It goes without saying that every individual battles ups and downs throughout any career. There are fewer professions than trading that bring out these roller coaster (emotional) battles. Within these wild swings it is important to recognize that they are just a part of the game. When you double your account it wasn't simply because you "were awesome" and when you inevitably get smacked in the face it's not necessarily because you're a terrible trader.
I wanted to take a minute to put this write up together as I’ve noticed a slight shift in the psychology behind traders’ attitudes that I’m seeing. It appears that everyone and their brother had forgotten where we came from just two months prior. Worse off, it appears that where we’ve come has not been “enough”. This by all means is not a hit piece or a “Sky is falling” proclamation. This is simply a moment where I believe it’s important to exercise caution and add some perspective.
With the above being said, it is imperative that you have and implement a process. If you don’t have a process, you set yourself up for a flurry of woes that will tag along with your career. Worse off however is the trader that does not follow his plans but rather jump rom plan to plan.
In any experiment it is important to set the parameters of the experiment and allow the experiment to run to completion. Should you cut the experiment short or allow it to run to long the experimental results become flawed. Like cooking, running an experiment too few times gives you too small a sample size to have the process down. Running it too many times with different variables becomes a waste of time and erodes your ability to refine a process. That is why it’s important to figure out which “experiments” you’re going to run, the process in which you’re going to run them, and alllow them to run to completion.
During this process take notes of what worked, what didn’t, and run it again with a different variable. Once you feel comfortable with your experimentation process you’ll be able to set expectations for the variables you’re going to set.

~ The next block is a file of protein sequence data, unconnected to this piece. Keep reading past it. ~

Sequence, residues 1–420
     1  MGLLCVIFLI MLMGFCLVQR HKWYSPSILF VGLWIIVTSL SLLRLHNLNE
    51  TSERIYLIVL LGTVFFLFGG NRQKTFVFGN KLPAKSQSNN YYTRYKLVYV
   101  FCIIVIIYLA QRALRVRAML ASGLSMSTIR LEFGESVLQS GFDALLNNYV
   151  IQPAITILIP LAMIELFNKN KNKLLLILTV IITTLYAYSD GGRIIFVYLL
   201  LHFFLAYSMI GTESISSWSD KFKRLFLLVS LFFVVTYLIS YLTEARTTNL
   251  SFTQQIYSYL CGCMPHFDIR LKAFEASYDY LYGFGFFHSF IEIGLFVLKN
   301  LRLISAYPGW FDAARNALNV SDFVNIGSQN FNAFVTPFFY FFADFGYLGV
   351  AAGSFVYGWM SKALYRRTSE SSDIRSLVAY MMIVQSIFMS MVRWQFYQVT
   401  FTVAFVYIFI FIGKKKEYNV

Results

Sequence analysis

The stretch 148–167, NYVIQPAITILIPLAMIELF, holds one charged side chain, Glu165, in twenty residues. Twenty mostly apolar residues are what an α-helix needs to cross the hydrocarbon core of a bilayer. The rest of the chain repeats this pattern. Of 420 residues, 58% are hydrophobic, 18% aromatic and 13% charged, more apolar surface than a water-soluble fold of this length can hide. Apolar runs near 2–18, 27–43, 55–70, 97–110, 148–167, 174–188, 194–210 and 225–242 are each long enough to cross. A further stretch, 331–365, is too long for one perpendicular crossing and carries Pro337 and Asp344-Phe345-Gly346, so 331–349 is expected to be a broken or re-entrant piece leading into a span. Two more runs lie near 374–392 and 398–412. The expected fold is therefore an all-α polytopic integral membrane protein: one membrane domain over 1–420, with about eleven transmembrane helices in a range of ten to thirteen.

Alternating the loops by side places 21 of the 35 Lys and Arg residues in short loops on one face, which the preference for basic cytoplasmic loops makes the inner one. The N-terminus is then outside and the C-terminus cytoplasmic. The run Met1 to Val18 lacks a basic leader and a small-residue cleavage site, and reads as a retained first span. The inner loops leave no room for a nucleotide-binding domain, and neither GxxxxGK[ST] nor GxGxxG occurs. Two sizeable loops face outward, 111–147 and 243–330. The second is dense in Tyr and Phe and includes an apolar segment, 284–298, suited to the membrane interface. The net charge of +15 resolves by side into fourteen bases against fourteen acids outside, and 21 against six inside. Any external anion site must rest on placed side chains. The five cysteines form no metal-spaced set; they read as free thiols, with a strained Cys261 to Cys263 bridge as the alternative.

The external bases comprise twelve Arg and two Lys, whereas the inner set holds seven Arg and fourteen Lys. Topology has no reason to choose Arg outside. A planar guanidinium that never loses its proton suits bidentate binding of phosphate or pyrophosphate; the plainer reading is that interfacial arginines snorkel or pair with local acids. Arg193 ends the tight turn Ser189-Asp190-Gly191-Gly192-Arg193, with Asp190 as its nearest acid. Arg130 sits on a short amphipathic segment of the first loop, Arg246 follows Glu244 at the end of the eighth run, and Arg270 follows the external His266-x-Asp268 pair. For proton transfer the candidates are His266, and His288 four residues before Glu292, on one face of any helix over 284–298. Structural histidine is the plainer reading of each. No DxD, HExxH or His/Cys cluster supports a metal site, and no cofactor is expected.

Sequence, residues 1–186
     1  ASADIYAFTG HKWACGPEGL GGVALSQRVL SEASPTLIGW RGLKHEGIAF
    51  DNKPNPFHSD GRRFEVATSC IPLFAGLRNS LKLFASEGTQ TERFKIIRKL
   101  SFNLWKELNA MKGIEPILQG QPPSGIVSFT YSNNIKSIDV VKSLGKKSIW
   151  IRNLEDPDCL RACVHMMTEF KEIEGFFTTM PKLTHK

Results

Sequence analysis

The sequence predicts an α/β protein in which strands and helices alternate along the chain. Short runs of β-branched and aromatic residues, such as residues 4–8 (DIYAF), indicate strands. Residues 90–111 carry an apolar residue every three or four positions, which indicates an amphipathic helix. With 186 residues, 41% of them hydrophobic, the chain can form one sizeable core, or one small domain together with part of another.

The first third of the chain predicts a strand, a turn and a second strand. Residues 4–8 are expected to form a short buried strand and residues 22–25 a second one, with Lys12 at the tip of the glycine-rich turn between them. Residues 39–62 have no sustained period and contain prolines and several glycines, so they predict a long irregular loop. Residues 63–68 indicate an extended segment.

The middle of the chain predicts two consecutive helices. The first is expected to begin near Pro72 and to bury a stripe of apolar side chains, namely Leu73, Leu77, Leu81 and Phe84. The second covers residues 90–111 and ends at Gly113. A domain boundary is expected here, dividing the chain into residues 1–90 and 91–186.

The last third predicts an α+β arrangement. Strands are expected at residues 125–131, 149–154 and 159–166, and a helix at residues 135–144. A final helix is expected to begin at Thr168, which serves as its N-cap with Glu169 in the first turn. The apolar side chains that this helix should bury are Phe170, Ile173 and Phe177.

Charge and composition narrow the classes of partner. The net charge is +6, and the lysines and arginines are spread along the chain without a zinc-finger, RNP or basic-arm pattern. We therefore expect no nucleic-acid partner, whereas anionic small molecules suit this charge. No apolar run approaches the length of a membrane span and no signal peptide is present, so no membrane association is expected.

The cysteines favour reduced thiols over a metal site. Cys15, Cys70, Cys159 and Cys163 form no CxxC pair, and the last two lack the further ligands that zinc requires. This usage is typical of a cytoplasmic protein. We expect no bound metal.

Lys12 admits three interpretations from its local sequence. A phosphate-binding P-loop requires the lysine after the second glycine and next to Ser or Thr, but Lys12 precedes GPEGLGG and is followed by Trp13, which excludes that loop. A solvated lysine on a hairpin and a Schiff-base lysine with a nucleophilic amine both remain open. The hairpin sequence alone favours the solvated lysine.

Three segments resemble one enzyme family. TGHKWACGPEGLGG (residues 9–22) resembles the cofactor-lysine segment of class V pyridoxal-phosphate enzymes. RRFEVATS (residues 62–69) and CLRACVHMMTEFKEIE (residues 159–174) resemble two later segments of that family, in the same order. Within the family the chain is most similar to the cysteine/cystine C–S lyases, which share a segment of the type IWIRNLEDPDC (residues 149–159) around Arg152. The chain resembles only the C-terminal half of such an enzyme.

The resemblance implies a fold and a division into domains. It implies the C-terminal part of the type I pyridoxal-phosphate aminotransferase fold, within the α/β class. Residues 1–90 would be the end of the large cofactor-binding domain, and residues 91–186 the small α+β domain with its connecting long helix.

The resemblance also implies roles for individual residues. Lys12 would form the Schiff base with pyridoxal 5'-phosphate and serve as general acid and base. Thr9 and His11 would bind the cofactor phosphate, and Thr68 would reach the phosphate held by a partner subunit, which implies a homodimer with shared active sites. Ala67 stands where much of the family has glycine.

For example, let’s say you are testing your strategy for breakout trading. Some of the variables you may want to consider are %Stop Risk, position size, when you enter the trade, and whether or not you scale into a position. It’s important in these tests not to deviate from the parameters you set prior to running the experiment. The reason for this is that your primary focus is not profit, rather, it’s the process you are setting.
Another important thing to remember is that you’re not just trading in a vacuum. Just as a chef is able to sort through his or her recipes finding the perfect one for the right occasion, you need to be able to find exactly which type of process you’re going to follow. And though a little deviation is okay sometimes, and I mean just sometimes, it’s important to remember that you need to stick to the process most of the time.
We are currently at an inflection point in the market that has many scratching their heads. The danger I’m seeing is that many individuals are looking to change their process in order to adapt. This out of norm is dangerous as more often than not it’s done in reaction to the results rather than the situation. Just like you wouldn’t bring a wedding cake to a funeral you should not look to try doubling down in a sloppy market.
Sticking with the cake reference, once the cake is in the oven, leave it alone until it’s time to check on it (price objective). Opening the oven over and over again to check on it only makes it worse than leaving it be. Secondly, once the timer goes off (Price objective) take the damn cake out of the oven. Just as leaving a cake in the oven too long will burn it, not taking your positions off once a price objective is reached will burn you. Two months ago most were hoping they could simply recoup some of the losses they suffered. Currently many of those same people are eager to “make more.”
Maybe reading isn’t your thing, or maybe you’re just not a baker. If either are the above statements are case, I’d like to point you in the direction of the latest podcast on my SoundCloud. Though the metaphor is different, the message is the same. Stay nimble my friends.
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